Keywords: Hydrogen, Diesel Engine, NOx, soot, BTHE, BSEC

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13 Life Cycle Assessment Comparison between Methanol and Ethanol Feedstock for the Biodiesel from Soybean Oil

Authors: Pawit Tangviroon, Apichit Svang-Ariyaskul

Abstract:

As the limited availability of petroleum-based fuel has been a major concern, biodiesel is one of the most attractive alternative fuels because it is renewable and it also has advantages over the conventional petroleum-base diesel. At Present, productions of biodiesel generally perform by transesterification of vegetable oils with low molecular weight alcohol, mainly methanol, using chemical catalysts. Methanol is petrochemical product that makes biodiesel producing from methanol to be not pure renewable energy source. Therefore, ethanol as a product produced by fermentation processes. It appears as a potential feed stock that makes biodiesel to be pure renewable alternative fuel. The research is conducted based on two biodiesel production processes by reacting soybean oils with methanol and ethanol. Life cycle assessment was carried out in order to evaluate the environmental impacts and to identify the process alternative. Nine mid-point impact categories are investigated. The results indicate that better performance on abiotic depletion potential (ADP) and acidification potential (AP) are observed in biodiesel production from methanol when compared with biodiesel production from ethanol due to less energy consumption during the production processes. Except for ADP and AP, using methanol as feed stock does not show any advantages over biodiesel from ethanol. The single score method is also included in this study in order to identify the best option between two processes of biodiesel production. The global normalization and weighting factor based on ecotaxes are used and it shows that producing biodiesel form ethanol has less environmental load compare to biodiesel from methanol.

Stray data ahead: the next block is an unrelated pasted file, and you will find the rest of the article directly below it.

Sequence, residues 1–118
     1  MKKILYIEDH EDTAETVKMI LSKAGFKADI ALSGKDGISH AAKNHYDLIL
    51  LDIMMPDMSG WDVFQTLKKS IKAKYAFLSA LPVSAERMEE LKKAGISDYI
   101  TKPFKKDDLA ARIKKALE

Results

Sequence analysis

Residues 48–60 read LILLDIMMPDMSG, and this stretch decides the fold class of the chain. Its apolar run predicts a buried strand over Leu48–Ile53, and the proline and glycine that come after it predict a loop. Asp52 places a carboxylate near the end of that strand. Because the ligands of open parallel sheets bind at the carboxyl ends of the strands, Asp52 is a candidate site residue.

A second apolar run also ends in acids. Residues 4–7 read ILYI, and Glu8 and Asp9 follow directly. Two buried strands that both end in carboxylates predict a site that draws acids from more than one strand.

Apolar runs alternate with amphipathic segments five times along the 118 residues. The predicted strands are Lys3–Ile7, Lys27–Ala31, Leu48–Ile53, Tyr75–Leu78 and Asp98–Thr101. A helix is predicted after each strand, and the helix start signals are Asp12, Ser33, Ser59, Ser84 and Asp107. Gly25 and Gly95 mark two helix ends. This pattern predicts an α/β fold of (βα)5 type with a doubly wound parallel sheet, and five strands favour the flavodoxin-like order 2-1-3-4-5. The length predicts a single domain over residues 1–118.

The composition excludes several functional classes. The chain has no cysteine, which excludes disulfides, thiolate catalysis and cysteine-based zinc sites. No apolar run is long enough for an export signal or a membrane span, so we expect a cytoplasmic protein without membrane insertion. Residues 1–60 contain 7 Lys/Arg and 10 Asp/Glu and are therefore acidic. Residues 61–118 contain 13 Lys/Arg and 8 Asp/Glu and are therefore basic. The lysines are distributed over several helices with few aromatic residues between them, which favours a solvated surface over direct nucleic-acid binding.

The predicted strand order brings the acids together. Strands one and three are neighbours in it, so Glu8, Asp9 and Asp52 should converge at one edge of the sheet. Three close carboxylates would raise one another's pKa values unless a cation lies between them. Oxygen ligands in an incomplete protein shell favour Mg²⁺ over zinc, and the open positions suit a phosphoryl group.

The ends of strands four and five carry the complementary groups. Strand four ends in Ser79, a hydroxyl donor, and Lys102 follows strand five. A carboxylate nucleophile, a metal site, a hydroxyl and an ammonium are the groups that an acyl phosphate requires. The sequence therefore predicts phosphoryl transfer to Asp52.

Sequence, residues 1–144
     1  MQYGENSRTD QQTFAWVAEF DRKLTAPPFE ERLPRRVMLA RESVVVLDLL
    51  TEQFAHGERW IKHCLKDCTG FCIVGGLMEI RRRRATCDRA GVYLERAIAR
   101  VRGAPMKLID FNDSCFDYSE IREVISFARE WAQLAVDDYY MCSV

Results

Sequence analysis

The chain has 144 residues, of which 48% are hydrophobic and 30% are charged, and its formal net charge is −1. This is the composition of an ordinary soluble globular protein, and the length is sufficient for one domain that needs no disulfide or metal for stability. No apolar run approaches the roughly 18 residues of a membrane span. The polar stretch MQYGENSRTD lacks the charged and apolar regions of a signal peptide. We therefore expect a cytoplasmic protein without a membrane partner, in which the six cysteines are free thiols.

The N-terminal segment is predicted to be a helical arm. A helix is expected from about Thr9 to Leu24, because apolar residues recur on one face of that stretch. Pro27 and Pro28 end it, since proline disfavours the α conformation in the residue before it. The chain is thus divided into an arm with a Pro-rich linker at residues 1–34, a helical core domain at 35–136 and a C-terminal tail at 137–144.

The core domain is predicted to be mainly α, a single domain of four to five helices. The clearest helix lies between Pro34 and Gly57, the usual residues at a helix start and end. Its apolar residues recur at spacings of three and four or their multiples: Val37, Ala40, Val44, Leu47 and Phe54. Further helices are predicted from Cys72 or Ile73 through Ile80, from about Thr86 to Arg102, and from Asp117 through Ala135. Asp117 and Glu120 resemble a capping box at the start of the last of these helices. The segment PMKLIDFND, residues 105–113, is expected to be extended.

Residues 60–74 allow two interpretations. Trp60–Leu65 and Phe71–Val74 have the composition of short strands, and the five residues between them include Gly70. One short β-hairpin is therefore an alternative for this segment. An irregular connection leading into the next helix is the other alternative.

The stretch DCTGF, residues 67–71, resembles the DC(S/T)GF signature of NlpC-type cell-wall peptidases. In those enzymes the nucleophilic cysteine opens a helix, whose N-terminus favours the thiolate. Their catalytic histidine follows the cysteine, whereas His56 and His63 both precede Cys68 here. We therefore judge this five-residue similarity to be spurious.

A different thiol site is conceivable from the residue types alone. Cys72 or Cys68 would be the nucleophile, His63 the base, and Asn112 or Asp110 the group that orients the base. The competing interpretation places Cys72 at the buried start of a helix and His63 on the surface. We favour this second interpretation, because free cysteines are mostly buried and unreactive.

Keywords: Biodiesel, Life Cycle Assessment, methanol, Ethanol, soybean oil

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12 The Effect of Alternative Fuel Combustion in the Cement Kiln Main Burner on Production Capacity and Improvement with Oxygen Enrichment

Authors: W. K. Hiromi Ariyaratne, Morten C. Melaaen, Lars-André Tokheim

Abstract:

A mathematical model based on a mass and energy balance for the combustion in a cement rotary kiln was developed. The model was used to investigate the impact of replacing about 45 % of the primary coal energy by different alternative fuels. Refuse derived fuel, waste wood, solid hazardous waste and liquid hazardous waste were used in the modeling. The results showed that in order to keep the kiln temperature unchanged, and thereby maintain the required clinker quality, the production capacity had to be reduced by 1-15 %, depending on the fuel type. The reason for the reduction is increased exhaust gas flow rates caused by the fuel characteristics. The model, which has been successfully validated in a full-scale experiment, was also used to show that the negative impact on the production capacity can be avoided if a relatively small part of the combustion air is replaced by pure oxygen.

Keywords: alternative fuels, production capacity, Cement kiln main burner, Oxygen enrichment

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11 Effect of Cooled EGR in Combustion Characteristics of a Direct Injection CI Engine Fuelled with Biodiesel Blend

Authors: Sankar Chandrasekar, Rana Niranchan V.S., Joseph Sidharth Leon

Abstract:

As the demand and prices of various petroleum products have been on the rise in recent years, there is a growing need for alternative fuels. Biodiesel, which consists of alkyl monoesters of fatty acids from vegetable oils and animal fats, is considered as an alternative to petroleum diesel. Biodiesel has comparable performance with that of diesel and has lower brake specific fuel consumption than diesel with significant reduction in emissions of CO, hydrocarbons (HC) and smoke with however, a slight increase in NOx emissions. This paper analyzes the effect of cooled exhaust gas recirculation in the combustion characteristics of a direct injection compression ignition engine using biodiesel blended fuel as opposed to the conventional system. The combustion parameters such as cylinder pressure, heat release rate, delay period and peak pressure were analyzed at various loads. The maximum cylinder pressure reduces as the fraction of biodiesel increases in the blend the maximum rate of pressure rise was found to be higher for diesel at higher engine loads.

Keywords: cylinder pressure, EGR, delay period, heat release

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10 The Influence of Biofuels on the Permeability of Sand-Bentonite Liners

Authors: Mousa Bani Baker, Maria Elektorowicz, Adel Hanna, Altayeb Qasem

Abstract: